Hello all –
I hope that this day finds you each doing well.
This week I’m offering something a bit different than our typical Reading RoundUp. In honor of Black History Month, we’d like to share with you information about Read Africa Week, a literacy initiative that takes place from February 1 – 7 and highlights the wonderful resources of the Children’s Africana Book Award (CABA).
Much like we refer to the Américas Award when looking for juvenile literature focused on our main region, Latin America, CABA highlights juvenile literature by African authors and about African culture. The award was created by Africa Access and the Outreach Council of the African Studies Association (ASA) to encourage the publication and use of accurate, balanced children’s materials about Africa.
Organized by CABA colleagues at Howard University (including the Center for African Studies and the School of Education), Read Africa Week “invites teachers, librarians, parents, and concerned adults to introduce young people to kick off Black History Month with great books about Africa and continue reading about Africa all year.” Check out the recommended books here! Similar to other organizations promoting diversity in literature, the books recommended are vetted by African Studies scholars to provide “accurate, balanced, books [that] can change and expand what we know, think and feel about Africa.”
Drawing on the expertise of these scholars, Read Africa Week provides lists of recommended books, including picture books, CABA winners, chapter books, and new adult reads. We can’t urge you enough to go visit and peruse the Africa Access website to access these resources and many more, including lesson plans and other relevant materials. We’re happy to support this initiative and hope that you are able to check out these resources soon. As we know, it is always in season to expand our minds and hearts through reading!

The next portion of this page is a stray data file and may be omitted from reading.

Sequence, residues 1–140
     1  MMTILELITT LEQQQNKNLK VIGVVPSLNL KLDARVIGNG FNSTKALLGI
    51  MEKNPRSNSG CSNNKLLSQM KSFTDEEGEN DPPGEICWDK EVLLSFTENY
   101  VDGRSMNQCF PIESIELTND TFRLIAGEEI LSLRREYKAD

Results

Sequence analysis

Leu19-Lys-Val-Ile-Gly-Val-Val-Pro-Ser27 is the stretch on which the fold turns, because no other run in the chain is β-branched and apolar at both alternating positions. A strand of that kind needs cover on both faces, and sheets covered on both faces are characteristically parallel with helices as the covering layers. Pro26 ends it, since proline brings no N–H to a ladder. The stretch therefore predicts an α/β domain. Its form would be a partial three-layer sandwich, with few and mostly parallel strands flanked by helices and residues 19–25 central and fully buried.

Returning to our emphasis here at Vamos a Leer, we’d like to close by offering some resources that complement Read Africa Week by looking at the African diaspora of the Americas and afrolatinidad:
- To see a list of recommended books about Afro-Caribbean culture, see Kalyn’s Reading Roundup on Afro-Caribbean Children’s and Young Adult Books
- To dwell for a moment on the importance of including African cultures and the African diaspora in children’s books, check out this article from World of Words: “Children’s Literature and Poetry Depicting Children in the African Diaspora”
- For resources specific to the Caribbean, check out the online magazine Ananseem, which covers news, ideas, arts & letters from the world of Caribbean children’s publishing
- From Latina magazine, here’s a list of “13 books with an Afro-Latino protagonist,” including Shadowshaper by Daniel José Older (for which we produced an educator’s guide) among a number of other titles that we’ve added to our TBR list.
- What else? Let us know what other resources are out there!
Un gran abrazo,